- In 2010, at least 1,000 workers were trained for energy efficiency jobs.
- Baltimore-based Hawkeye Construction has added 18 employees to serve growing consumer demand for energy efficiency services. The firm pays competitive wages and provides training for workers entering the energy efficiency field, a welcome opportunity for construction workers idled by the economic downturn. (See case study on p. 20.)
- Businesses that have invested in energy efficiency, such as General Motors at its White Marsh facility, have been able to become more competitive as more efficient use of energy has lowered their utility bills. (See case study on p. 22.)
Maryland’s investment in energy efficiency has begun paying off for consumers and Maryland’s economy. However, implementation of EmPOWER Maryland is falling short and the state is failing to reap all the potential benefits of reduced electricity consumption. EmPOWER Maryland is not on track to achieve the 2015 goals for reduced electricity consumption or peak demand.
- As of the end of 2010, utility programs had achieved only 14 percent of the 2011 benchmark for reducing electricity consumption and 42 percent of the 2011 peak demand goal.
- Even if utilities continue to achieve the same level of quarterly savings on an annual basis through 2015 as they did in the fourth quarter of 2010, they will only achieve 46 percent of their goals for electricity savings.
These large shortfalls indicate that utilities, the Public Service Commission (PSC), and the Maryland Energy Administration must include more aggressive measures to save energy as they draft new plans to achieve EmPOWER Maryland targets over the next three years. In particular, the Public Service Commission should:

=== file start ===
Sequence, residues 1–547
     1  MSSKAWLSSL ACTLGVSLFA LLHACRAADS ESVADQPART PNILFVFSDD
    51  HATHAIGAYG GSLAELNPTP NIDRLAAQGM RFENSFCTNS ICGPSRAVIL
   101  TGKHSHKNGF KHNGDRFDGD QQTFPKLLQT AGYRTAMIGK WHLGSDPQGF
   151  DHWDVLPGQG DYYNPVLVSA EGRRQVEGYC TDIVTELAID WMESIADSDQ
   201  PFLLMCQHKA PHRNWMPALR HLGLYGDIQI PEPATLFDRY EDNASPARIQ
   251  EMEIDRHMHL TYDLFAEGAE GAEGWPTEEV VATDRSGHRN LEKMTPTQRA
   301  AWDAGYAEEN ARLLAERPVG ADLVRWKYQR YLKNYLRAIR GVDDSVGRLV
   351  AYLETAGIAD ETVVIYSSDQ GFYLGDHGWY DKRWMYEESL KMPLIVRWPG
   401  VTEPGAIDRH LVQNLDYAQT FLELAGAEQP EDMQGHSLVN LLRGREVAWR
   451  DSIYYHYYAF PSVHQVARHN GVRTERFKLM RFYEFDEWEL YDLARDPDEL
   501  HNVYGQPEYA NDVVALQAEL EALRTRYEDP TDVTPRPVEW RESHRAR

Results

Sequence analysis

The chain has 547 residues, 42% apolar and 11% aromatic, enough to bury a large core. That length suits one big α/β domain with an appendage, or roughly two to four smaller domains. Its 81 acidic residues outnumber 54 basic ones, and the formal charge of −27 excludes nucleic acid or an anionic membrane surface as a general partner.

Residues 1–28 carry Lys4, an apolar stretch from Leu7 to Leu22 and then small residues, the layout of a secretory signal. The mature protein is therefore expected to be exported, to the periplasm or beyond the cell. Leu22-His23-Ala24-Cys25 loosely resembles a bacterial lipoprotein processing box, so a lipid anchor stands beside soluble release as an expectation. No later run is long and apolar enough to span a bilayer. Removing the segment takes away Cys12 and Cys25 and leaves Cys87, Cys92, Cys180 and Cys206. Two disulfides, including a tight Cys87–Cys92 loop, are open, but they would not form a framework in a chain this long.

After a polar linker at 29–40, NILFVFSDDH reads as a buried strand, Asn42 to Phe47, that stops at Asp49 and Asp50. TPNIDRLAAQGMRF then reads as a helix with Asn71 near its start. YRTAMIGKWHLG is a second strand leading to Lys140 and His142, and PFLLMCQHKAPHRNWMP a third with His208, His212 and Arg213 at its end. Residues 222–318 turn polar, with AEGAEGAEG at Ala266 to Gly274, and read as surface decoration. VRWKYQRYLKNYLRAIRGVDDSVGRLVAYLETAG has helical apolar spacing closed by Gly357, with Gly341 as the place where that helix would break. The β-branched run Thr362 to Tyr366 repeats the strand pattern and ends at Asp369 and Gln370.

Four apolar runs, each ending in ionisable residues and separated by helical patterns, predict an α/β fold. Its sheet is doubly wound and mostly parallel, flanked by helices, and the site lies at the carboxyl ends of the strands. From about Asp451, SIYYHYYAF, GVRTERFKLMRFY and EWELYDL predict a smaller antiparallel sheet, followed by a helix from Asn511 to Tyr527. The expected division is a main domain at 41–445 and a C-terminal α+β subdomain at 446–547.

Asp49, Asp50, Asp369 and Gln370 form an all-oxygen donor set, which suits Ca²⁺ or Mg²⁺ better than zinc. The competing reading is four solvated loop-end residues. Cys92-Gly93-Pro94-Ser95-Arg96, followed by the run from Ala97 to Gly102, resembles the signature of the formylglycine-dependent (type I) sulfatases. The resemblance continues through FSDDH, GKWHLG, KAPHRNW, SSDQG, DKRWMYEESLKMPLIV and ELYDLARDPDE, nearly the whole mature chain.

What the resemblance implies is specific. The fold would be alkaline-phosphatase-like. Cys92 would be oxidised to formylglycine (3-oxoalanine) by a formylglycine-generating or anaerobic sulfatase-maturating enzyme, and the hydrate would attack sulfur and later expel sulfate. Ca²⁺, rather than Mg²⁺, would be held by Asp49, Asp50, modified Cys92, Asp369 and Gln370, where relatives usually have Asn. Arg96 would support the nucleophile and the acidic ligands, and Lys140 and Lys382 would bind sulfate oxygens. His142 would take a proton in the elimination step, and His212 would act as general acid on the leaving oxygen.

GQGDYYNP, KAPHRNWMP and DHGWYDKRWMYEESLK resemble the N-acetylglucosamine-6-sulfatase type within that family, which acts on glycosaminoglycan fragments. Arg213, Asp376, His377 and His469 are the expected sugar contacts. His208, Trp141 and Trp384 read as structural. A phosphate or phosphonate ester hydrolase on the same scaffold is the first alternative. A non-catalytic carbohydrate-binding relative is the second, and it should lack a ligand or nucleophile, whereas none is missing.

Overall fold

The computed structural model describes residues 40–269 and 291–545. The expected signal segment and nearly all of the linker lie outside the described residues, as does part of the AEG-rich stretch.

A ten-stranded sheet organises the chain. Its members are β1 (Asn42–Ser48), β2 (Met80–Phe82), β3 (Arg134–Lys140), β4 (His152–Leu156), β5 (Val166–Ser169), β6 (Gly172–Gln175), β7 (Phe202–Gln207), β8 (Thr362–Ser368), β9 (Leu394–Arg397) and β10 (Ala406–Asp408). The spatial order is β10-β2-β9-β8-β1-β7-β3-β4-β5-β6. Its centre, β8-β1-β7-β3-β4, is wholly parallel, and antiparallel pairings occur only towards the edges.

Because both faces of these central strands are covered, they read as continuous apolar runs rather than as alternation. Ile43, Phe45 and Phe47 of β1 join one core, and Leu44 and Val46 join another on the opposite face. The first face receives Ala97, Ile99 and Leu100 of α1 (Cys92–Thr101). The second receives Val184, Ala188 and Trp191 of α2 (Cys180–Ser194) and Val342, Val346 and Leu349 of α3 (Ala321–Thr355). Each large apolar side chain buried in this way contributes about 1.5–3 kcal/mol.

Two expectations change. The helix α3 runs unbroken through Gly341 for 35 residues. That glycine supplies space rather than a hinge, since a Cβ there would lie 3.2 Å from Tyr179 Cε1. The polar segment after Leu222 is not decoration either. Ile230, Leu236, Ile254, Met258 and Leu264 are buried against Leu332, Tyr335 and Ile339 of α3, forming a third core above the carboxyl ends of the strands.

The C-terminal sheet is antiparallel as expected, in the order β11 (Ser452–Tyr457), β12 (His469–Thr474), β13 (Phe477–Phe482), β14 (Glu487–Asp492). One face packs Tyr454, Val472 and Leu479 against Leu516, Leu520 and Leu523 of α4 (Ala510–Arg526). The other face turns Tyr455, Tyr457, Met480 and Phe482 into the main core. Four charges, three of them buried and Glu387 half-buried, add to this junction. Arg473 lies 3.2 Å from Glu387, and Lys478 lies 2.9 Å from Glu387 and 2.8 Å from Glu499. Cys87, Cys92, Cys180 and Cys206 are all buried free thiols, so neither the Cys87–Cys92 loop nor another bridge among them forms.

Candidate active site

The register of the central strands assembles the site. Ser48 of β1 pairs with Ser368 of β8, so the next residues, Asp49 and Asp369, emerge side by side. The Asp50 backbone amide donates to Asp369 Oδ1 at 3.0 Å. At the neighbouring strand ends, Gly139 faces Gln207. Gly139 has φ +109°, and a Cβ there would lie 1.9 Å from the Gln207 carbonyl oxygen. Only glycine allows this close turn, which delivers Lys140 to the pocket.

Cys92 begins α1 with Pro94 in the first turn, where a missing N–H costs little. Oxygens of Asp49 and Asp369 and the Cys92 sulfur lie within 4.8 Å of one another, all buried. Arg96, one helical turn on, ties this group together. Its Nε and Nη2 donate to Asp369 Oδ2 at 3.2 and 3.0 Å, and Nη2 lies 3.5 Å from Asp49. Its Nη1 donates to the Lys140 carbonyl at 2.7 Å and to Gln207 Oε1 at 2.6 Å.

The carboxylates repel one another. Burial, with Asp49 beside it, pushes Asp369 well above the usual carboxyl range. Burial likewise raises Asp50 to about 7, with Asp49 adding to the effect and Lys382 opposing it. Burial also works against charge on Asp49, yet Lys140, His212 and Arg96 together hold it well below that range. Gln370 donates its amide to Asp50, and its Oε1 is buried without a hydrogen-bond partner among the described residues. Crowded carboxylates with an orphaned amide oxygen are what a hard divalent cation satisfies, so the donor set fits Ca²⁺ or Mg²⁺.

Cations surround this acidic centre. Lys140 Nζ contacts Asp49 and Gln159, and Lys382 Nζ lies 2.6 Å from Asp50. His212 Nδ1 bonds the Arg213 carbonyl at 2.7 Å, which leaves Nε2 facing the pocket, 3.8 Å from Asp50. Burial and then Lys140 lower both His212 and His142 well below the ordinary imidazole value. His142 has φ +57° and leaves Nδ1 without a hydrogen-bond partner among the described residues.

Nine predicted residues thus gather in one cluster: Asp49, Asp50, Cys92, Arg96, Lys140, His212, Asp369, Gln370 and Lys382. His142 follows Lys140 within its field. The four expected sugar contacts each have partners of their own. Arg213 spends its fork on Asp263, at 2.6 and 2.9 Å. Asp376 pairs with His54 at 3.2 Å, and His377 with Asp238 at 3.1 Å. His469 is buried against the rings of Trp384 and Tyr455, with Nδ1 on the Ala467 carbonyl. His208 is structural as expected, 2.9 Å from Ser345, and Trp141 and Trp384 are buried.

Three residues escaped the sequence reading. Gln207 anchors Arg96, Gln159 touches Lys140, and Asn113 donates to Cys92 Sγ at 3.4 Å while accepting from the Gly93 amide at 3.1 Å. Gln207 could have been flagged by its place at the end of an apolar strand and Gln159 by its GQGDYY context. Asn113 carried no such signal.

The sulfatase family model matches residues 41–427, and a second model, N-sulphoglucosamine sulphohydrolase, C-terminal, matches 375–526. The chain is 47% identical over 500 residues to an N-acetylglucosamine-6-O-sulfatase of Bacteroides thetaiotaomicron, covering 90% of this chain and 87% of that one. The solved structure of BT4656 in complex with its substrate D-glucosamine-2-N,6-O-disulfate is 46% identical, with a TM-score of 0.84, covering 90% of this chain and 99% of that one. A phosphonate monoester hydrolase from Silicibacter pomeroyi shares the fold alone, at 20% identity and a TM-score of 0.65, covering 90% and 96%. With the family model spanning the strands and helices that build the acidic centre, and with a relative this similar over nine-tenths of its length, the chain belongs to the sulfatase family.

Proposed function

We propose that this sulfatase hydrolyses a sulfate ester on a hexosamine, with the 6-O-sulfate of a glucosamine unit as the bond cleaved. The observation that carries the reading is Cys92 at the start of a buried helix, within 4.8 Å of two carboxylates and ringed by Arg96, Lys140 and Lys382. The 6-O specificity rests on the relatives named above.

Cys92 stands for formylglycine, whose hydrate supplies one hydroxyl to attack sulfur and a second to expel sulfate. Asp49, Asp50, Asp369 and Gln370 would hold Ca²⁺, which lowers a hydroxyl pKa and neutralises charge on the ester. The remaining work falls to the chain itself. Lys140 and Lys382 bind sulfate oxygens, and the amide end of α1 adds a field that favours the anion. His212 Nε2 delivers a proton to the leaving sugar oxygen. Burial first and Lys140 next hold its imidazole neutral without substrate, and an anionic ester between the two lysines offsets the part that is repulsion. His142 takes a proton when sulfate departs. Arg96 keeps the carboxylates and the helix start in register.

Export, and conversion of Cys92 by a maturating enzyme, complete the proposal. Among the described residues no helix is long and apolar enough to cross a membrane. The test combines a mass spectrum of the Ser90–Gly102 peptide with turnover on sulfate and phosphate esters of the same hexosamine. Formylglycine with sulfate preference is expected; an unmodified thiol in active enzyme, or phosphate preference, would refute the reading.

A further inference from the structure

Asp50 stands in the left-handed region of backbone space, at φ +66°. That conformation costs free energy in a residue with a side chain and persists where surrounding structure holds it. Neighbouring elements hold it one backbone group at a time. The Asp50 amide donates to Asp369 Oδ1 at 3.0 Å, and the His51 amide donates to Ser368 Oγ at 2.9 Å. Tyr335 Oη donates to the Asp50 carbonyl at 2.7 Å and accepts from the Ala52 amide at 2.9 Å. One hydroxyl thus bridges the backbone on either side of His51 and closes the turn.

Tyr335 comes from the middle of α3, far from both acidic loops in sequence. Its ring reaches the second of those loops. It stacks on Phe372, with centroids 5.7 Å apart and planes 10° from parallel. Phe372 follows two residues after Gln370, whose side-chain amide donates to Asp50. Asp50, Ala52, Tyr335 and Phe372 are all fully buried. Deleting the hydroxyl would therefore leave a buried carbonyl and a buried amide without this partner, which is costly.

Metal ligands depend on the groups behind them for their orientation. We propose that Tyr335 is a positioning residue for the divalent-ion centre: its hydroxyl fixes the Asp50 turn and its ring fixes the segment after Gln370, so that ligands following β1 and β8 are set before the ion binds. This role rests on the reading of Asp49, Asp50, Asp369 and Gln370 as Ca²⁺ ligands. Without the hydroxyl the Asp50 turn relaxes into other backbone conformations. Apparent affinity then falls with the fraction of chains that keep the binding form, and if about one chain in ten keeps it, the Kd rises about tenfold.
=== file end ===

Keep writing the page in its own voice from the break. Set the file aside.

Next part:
- Recognize all the benefits of EmPOWER Maryland – The Public Service Commission should use a broad cost-effectiveness test that captures all the benefits of energy efficiency, such as the avoided costs of building transmission lines and the public health benefits of using less energy.
- Improve program flexibility – Allowing utilities more flexibility to revise and improve their programs and improving the timeliness of the PSC’s response to utilities’ proposed offerings will make the process more flexible and responsive to change.
- Enforce timelines and targets – Utility failure to meet electricity savings targets or reporting deadlines set by the PSC should have clear consequences for the utility. Incomplete reporting by utilities undermines the PSC’s ability to evaluate programs.
The state should:
- Restore state funding for energy efficiency – Revenue raised through the Regional Greenhouse Gas Initiative (RGGI) should not be diverted from energy efficiency investments.
- Coordinate programs statewide – Coordinated programs with a single brand are more effective than separate efforts. When each utility offers different programs, it complicates outreach, education and training for consumers and contractors.
Associate Director and Senior Policy Analyst, Frontier Group
Elizabeth Ridlington is associate director and senior policy analyst with Frontier Group. She focuses primarily on global warming, toxics, health care and clean vehicles, and has written dozens of reports on these and other subjects. Elizabeth graduated with honors from Harvard with a degree in government. She joined Frontier Group in 2002. She lives in Northern California with her husband and son.